“I don’t like this whole idea of academic standards, Dr. Hendrix. Ever since I was in grade school, they’ve made me feel pressured and stressed out. I think academic standards are bullying. Whenever I have to deal with them, they bring back all these old bad memories. It’s like PTSD or something.”
So declared a student from one of my courses at California State University at Fresno, who had come to see me in my office about her progress and prospects in our class. I was a bit taken aback by her comments. More than once I have heard complaints about my courses being too hard, but this was a new one for me.
Earlier general critiques of academic standards as elitist or even inherently racist often came from a meliorist, social-therapeutic approach to education associated with the academic left. The backlash against those critiques was often built around the term “social promotion,” a phrase co-opted by the right as a bludgeon with which to whack the liberal left for supposedly cutting extra slack to nonwhite students.
In my own courses, however, I have encountered white middle-class students who are as unqualified and underprepared for college work as any student from any socioeconomically disadvantaged or historically oppressed group. Students of every ethnic and economic background have “benefited” from social promotion, a process that today is as much a product of the evolving “business” model of the academic right (“Output! Higher and faster graduation rates!”) as a product of the evolving “movement” model of the academic left (“Access! Access! College is the new high school!”).
The product of that process is embodied in the idea of the student as entitled customer, a descriptor often associated with millennials. That, however, was not the case with the student who complained to me that academic standards are a form of bullying. She was in fact a white woman in her 40s whose main academic deficit lay in the fact that her writing did not demonstrate anything like college-level competency -- a serious drawback in a writing-intensive, upper-division, general-education literature class.
Despite her deficits as a writer, the student in this episode nonetheless showed an undeniable shrewdness in her argument against academic standards. Social psychologist Jonathan Haidt, who has written frequently on campus life, has called the two versions of college currently most in vogue the therapeutic and consumer models of higher education. Through the therapeutic lens, students see colleges as environments that exist to heal them personally and nurture their advancement socioeconomically. Through the consumer lens, students see colleges as providers of quantifiable goods and services that ought to meet the expectations of the student as customer.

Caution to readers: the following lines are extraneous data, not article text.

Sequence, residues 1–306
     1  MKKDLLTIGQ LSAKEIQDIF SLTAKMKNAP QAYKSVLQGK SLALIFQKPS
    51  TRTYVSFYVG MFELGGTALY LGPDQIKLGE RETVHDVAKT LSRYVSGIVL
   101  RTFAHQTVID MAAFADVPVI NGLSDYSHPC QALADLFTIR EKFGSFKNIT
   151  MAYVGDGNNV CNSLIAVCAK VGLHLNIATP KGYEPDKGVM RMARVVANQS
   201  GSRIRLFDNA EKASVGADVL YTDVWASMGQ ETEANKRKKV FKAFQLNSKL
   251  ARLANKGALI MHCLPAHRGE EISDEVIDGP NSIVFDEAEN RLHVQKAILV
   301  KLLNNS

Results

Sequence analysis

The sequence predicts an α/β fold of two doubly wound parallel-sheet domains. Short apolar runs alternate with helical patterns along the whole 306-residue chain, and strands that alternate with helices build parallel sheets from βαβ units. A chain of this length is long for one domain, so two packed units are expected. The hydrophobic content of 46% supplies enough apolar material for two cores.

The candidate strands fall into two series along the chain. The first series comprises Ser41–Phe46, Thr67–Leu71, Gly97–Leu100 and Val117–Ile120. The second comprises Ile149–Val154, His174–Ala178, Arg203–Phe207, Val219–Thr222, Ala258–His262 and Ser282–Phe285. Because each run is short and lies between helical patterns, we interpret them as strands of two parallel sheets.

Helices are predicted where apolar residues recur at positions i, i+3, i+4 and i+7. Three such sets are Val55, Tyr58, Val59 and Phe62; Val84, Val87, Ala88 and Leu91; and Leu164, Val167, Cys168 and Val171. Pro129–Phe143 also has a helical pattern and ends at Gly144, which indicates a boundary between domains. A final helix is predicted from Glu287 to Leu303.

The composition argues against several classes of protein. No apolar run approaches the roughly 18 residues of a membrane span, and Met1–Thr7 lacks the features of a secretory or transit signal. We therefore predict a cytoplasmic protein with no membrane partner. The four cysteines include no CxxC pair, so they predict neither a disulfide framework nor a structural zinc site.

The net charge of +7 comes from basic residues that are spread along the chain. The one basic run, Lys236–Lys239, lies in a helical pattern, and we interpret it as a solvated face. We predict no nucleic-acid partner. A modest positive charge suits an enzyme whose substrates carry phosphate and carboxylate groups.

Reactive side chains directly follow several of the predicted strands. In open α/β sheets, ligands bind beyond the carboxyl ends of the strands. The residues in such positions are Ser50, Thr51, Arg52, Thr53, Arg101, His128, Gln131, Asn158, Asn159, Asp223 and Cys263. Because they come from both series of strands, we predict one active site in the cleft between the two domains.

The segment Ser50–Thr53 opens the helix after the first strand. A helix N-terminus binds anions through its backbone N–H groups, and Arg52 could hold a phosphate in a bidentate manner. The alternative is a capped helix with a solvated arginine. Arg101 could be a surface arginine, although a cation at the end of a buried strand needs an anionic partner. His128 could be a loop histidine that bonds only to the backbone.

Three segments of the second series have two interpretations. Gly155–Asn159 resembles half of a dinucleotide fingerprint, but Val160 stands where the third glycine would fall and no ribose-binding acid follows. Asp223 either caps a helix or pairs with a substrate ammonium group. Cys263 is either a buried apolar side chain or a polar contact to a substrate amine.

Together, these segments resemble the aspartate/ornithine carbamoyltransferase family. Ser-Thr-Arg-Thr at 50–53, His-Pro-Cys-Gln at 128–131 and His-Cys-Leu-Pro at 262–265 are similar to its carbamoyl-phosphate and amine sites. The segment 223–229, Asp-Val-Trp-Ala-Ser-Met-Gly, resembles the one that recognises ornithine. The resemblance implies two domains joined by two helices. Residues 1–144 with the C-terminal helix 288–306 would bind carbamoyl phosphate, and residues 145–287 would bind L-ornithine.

My student succeeded in marrying the left’s therapeutic model with the right’s consumer model. Perhaps, with her fine antennae for these things, she had also detected that faculty members who are trying to maintain academic standards feel pressured and stressed out, too, as anyone being played both ends against the middle by the left and the right well might.
Yet more than a few of us among the faculty still feel that our jobs are fundamentally about leading students toward the mastery of content and skills, including critical-thinking skills. Yes, we know full well that there are things that happen in the classroom that go beyond “mere” content and skills. We also believe, however, that were we to certify our students as knowing content they do not in fact know, and as possessing skills they do not in fact possess, we would be failing those students by passing them. We know that doing so would be academically dishonest. When we hear either “College is the new high school!” or “Higher and faster graduation rates!” what we fear is a further acceleration of the dumbing down of higher education, a further weakening of academic standards.
So, because I do not want to contribute to my students’ potential academic PTSD through the shock and awe of surprise, all of my future syllabi will grow larger by the addition of the following note: “Trigger Warning! Academic Standards Pertain -- and Will Be Maintained -- in This Course.”
Howard V. Hendrix taught his first college course at age 20. He has spent the greater part of his 35-year teaching career at California State University at Fresno. His publications include six novels from major publishers, three short story collections and four nonfiction books.
Read more by
You may also be interested in...
Opinions on Inside Higher Ed
Inside Higher Ed’s Blog U
What Others Are Reading